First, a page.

“It’s a concrete storage wall in the inside which stores heat in the wall. All of that is rather similar to the traditional construction of brochs.”

The double walls add to the insulation qualities of the house, but the shape caused a few headaches. “It was a very difficult house to build and put together,” says Roderick. “The house is nestled into the landscape with sedum and lead roofs, lime-harled battered walls, 450mm recycled newspaper insulation, and an internal Douglas fir glulam structural frame.

“This construction allows moisture to move through and evaporate outside. The internal walls are covered in soft cornered undercoat plaster which creates a texture which allows the light to bounce off.

“Fortunately, we had an extremely good builder and joiner in the form of Angus MacDonald and Lachlan Campbell, and they did a superb job.”

If the build process was difficult the interior design evolved naturally, taking its cue from the shape and the views. Roderick likens it to a range of experiences as you move through the house: “There’s deliberately no corridors in the house – everything feeds off the central courtyard including the four double bedrooms and the upstairs gallery space which houses a small cinema room, library and music areas.”

There’s no denying that Amanda and Roderick have an eye for the unusual and they like to play with that in their home. The Tommy Carlsson painting in the courtyard is a case in point. “It’s incredibly clever,” says Roderick. “It’s a painting of a balloon held on by a bit of string but even when you’re right in front of it, you can’t tell that it’s not real.

“The desk and chairs are based on a design by Timothy Oulton, but they were made in India. I like that they reflect the light – they don’t sit there as great big lumps of furniture.”

The bedrooms are equally individual and follow a theme. “As we were planning to let the house, we designed each bedroom differently,” Roderick points out.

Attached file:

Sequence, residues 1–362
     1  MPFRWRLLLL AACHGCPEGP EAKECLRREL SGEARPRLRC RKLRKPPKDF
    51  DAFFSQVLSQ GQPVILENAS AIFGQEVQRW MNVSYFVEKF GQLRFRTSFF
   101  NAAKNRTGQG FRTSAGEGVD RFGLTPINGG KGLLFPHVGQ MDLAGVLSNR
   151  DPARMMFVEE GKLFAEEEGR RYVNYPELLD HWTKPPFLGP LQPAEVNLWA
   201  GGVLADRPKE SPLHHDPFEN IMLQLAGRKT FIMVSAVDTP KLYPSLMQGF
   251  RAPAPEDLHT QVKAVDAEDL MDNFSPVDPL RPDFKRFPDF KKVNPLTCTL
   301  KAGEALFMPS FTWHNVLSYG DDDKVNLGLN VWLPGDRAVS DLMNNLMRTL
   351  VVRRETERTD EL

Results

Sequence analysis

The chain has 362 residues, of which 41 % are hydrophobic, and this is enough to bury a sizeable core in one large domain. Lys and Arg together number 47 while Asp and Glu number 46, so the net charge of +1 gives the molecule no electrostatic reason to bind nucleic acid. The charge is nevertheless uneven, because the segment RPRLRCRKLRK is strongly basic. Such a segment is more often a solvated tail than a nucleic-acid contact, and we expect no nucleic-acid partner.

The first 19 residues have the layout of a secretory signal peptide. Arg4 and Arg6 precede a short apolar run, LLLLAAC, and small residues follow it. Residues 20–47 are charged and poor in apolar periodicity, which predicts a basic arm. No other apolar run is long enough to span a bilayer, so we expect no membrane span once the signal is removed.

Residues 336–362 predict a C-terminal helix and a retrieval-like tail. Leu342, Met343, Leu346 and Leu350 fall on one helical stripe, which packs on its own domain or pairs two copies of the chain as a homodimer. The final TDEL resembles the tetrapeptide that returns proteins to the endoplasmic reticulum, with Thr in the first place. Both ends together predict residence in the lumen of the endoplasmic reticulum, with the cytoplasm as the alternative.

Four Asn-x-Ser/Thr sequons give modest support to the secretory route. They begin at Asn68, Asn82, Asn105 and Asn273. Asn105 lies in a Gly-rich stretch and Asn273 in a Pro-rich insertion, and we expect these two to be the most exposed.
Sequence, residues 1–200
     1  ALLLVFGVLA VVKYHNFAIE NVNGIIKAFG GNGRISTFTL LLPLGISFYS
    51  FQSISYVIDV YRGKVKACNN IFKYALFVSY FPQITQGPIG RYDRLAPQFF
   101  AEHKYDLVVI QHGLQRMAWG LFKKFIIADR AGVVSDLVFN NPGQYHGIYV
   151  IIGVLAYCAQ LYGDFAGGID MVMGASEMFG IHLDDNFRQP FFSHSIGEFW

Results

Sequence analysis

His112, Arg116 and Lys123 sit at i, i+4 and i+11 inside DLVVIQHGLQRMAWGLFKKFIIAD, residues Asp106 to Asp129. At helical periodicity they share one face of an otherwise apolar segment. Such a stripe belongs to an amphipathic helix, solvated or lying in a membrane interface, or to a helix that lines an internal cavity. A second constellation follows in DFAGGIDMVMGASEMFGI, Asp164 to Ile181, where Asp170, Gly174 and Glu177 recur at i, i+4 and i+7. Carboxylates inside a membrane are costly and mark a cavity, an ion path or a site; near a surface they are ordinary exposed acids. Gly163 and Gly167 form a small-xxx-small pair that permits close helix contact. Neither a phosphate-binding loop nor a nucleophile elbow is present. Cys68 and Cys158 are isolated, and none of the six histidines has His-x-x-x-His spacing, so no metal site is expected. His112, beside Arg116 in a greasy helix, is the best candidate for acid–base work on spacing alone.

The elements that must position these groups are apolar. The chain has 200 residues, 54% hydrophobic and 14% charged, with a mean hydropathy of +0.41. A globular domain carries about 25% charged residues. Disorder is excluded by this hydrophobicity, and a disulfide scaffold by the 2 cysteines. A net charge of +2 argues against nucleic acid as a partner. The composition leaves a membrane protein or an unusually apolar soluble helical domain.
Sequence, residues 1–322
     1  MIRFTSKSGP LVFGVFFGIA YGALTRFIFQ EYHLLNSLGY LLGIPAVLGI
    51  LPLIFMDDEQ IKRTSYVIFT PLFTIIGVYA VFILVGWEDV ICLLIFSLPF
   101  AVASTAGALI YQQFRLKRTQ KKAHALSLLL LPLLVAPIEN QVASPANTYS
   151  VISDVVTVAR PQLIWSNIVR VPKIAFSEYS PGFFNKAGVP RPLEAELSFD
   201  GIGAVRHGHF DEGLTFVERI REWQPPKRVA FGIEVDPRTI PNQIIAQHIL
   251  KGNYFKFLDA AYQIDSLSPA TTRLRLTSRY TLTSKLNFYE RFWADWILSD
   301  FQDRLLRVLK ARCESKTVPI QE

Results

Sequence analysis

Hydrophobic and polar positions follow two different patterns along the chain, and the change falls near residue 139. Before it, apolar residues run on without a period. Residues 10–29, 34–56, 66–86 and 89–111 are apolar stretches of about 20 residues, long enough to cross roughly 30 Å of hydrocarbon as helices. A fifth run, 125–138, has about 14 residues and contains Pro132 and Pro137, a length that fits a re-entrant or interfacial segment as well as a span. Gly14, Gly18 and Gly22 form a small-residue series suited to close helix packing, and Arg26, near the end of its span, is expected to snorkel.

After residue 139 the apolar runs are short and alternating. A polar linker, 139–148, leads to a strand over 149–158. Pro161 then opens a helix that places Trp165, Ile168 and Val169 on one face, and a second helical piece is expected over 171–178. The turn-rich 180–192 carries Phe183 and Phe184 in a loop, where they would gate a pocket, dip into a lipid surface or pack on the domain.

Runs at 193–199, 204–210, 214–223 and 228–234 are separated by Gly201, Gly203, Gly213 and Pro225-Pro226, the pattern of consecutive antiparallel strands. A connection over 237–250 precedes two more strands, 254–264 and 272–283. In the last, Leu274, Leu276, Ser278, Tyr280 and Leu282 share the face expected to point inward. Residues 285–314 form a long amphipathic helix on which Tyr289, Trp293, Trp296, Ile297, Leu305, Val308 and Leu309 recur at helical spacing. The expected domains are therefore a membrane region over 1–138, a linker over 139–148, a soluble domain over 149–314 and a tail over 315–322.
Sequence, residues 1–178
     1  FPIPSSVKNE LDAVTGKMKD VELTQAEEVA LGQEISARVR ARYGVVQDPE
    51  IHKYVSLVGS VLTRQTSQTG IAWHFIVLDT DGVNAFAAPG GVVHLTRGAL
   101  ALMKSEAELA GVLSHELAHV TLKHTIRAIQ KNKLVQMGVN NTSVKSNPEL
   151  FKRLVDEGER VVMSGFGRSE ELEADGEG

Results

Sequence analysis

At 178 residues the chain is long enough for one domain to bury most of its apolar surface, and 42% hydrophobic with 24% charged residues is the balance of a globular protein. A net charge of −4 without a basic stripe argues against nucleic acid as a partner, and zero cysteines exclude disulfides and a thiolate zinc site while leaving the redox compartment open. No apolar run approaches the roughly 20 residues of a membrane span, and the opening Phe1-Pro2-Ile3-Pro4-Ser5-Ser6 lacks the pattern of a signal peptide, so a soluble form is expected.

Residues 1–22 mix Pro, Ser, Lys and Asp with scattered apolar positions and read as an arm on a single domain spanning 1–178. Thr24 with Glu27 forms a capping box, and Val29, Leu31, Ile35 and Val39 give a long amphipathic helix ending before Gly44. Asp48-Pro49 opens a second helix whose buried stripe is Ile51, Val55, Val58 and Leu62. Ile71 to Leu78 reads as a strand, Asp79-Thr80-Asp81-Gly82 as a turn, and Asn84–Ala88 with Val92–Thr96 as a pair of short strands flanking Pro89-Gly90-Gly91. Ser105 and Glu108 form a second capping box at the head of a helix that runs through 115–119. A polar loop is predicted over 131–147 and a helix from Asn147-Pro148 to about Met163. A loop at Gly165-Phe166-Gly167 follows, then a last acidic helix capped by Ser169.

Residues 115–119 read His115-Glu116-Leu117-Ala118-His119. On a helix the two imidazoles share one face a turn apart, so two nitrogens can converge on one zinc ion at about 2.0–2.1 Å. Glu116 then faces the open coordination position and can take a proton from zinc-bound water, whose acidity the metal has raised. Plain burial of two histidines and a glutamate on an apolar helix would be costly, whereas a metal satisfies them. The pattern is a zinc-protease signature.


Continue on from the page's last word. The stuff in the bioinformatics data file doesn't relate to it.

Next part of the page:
“We had the Fish Room which had the fishing tackle, fish pictures and light house paraphernalia. Then we’ve got the Explorer Room with old snow shoes and skis, and the Post Room which has an American post office sorting desk. We found that and the hanging rail in an antique gallery in London called The Old Cinema.

“When we decided it was going to be our family home, we didn’t feel the need to change anything. We had already concentrated so much on the detail, the furnishings and the way it was equipped. An enormous amount of thought went into that. It’s a very interesting house to live in and move through.”

That’s not the end of the story, however. Having moved into the property they planned to let, Roderick and Amanda were still keen to build a unique property which they could offer to guests.

Country Lifestyle Scotland: Airship.Airship.

Over the last few years, they have embraced new design innovations and delved deep into their imaginations to create the fabulous Airship 002 at Lochaline followed by its equally quirky sibling, The PilotHouse PH5. The Captain’s Cabin is due to join the portfolio soon and like all their projects will defy the conventional and offer a few surprises. Watch this space …

Tigh Darach, Airship and The PilotHouse are available to let through and